Changes in the prevalence of growth stunting in South African children

Stunting is a type of poor physical growth and a chronic form of malnutrition.

The causes of stunting are mainly associated with households’ low socio-economic status and food insecurity, repeated illnesses in infants and maternal health before, during and after pregnancy.

Being stunted has also been associated with delayed cognitive development, impaired physical growth, lower productivity, and a greater risk of poor health.

Redi Tlhabi spoke with Dr Rihlat Said Mohammed, Postdoctoral Research Fellow at the Department of Paediatrics and Child Health, University of the Witwatersrand.

According to Mohammed, stunting in children needs to be identified as early as possible to reduce the effects on growth and development.

It should be identified sooner than the first three years of age. It should be identified as early as pregnancy. 19% of South African children between zero and six years of age and 1 in 4 children between the ages of zero and three are affected by stunting.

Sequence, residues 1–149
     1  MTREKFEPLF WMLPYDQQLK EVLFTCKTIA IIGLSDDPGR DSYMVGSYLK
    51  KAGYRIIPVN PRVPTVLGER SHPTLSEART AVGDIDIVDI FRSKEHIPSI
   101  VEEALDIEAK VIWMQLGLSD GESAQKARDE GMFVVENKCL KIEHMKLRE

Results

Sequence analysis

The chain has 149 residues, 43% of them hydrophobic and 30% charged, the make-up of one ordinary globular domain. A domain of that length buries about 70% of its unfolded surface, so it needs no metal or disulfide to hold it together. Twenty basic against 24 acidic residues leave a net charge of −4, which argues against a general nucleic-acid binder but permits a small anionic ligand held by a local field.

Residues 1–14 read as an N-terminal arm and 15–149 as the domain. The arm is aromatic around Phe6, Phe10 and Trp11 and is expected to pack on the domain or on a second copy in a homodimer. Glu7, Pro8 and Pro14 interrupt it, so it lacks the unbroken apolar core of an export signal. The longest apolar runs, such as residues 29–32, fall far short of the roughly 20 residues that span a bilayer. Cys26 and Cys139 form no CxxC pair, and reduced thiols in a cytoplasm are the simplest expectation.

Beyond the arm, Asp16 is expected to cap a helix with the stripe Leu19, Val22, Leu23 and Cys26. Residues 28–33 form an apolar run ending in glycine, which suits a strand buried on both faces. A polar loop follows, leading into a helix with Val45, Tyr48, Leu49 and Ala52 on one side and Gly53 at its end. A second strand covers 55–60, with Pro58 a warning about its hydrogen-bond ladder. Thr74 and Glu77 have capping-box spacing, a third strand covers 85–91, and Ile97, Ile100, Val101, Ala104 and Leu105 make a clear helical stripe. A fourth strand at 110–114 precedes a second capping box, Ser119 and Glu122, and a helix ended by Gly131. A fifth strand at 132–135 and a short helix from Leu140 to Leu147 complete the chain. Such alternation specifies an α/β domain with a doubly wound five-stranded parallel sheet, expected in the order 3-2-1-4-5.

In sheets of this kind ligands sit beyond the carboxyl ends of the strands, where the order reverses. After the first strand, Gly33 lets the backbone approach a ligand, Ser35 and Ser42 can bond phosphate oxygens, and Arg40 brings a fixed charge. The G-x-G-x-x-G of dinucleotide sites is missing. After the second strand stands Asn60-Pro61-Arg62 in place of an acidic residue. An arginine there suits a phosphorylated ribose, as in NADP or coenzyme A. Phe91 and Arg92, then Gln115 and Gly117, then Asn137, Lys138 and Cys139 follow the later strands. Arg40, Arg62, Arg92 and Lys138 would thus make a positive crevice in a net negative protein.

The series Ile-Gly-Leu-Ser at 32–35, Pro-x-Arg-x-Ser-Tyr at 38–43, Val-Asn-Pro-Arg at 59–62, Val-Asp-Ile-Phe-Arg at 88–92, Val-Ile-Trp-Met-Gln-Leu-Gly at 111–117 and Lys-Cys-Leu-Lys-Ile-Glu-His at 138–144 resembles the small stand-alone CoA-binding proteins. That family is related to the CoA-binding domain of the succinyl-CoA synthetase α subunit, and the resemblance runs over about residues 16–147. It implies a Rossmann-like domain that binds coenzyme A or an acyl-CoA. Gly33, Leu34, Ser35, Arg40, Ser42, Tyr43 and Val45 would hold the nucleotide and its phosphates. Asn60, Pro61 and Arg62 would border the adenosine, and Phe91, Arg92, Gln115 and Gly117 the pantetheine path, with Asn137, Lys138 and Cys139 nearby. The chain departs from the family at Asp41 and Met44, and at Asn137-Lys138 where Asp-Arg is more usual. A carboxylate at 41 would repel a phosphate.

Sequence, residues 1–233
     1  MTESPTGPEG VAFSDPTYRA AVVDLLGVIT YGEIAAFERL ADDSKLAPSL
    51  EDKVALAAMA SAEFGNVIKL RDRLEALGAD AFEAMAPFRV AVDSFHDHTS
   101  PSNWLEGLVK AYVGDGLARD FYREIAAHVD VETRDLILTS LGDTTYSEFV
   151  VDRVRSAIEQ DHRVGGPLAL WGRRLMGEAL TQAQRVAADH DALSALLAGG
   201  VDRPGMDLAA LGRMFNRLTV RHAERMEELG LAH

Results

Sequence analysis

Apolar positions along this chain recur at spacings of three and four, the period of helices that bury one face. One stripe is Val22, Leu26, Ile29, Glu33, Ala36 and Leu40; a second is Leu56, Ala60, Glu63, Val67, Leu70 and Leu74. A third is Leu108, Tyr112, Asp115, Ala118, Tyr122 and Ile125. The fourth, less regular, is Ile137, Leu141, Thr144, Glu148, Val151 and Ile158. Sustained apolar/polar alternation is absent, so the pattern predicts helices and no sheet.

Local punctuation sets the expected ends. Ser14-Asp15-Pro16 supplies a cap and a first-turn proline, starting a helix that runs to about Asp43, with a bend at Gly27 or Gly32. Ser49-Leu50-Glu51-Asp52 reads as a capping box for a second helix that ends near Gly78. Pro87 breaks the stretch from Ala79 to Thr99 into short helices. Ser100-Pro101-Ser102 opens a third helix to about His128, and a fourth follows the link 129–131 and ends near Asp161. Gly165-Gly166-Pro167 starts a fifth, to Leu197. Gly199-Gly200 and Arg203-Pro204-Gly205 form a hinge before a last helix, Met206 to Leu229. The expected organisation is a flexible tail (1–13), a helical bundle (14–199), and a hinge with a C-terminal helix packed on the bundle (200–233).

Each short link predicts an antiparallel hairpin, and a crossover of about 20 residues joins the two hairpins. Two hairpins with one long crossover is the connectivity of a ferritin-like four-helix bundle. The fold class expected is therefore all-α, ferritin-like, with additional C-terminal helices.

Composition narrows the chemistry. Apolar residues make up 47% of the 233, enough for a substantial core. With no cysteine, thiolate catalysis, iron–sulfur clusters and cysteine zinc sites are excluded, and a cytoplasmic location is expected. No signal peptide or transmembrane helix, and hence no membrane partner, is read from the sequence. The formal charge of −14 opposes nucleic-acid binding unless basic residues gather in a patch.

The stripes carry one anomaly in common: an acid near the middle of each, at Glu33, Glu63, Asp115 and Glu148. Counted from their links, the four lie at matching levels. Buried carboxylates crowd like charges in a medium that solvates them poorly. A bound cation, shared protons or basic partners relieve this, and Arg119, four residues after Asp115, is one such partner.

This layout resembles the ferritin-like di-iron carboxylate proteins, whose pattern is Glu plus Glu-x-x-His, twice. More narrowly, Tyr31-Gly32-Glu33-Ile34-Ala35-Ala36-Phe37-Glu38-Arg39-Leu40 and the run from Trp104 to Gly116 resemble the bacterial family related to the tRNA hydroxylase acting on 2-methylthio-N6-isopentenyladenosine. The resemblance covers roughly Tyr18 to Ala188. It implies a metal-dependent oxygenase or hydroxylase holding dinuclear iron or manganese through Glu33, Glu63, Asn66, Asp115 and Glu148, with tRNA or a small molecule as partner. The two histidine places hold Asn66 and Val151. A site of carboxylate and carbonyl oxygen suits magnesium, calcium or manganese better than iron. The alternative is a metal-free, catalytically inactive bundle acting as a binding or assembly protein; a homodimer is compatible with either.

Dr Rihlat Said Mohammed, child development expert

Scientists at the University of Cape Town and Wits University have recently published a study in the BMC Public Health journal where they investigated the changes in the prevalence of stunting in South Africa over 40 years from 1970 to 2013.

The findings revealed that stunting is higher in children under three years of age which is a critical period for child development and growth.

The results also showed that the prevalence of stunting in South Africa has been between 20-30% for the past 20 years despite the move in 1996 to implement the Integrated Nutrition Programme to combat the prevalence of early life malnutrition.

Listen to the full conversation from The Redi Tlhabi Show:


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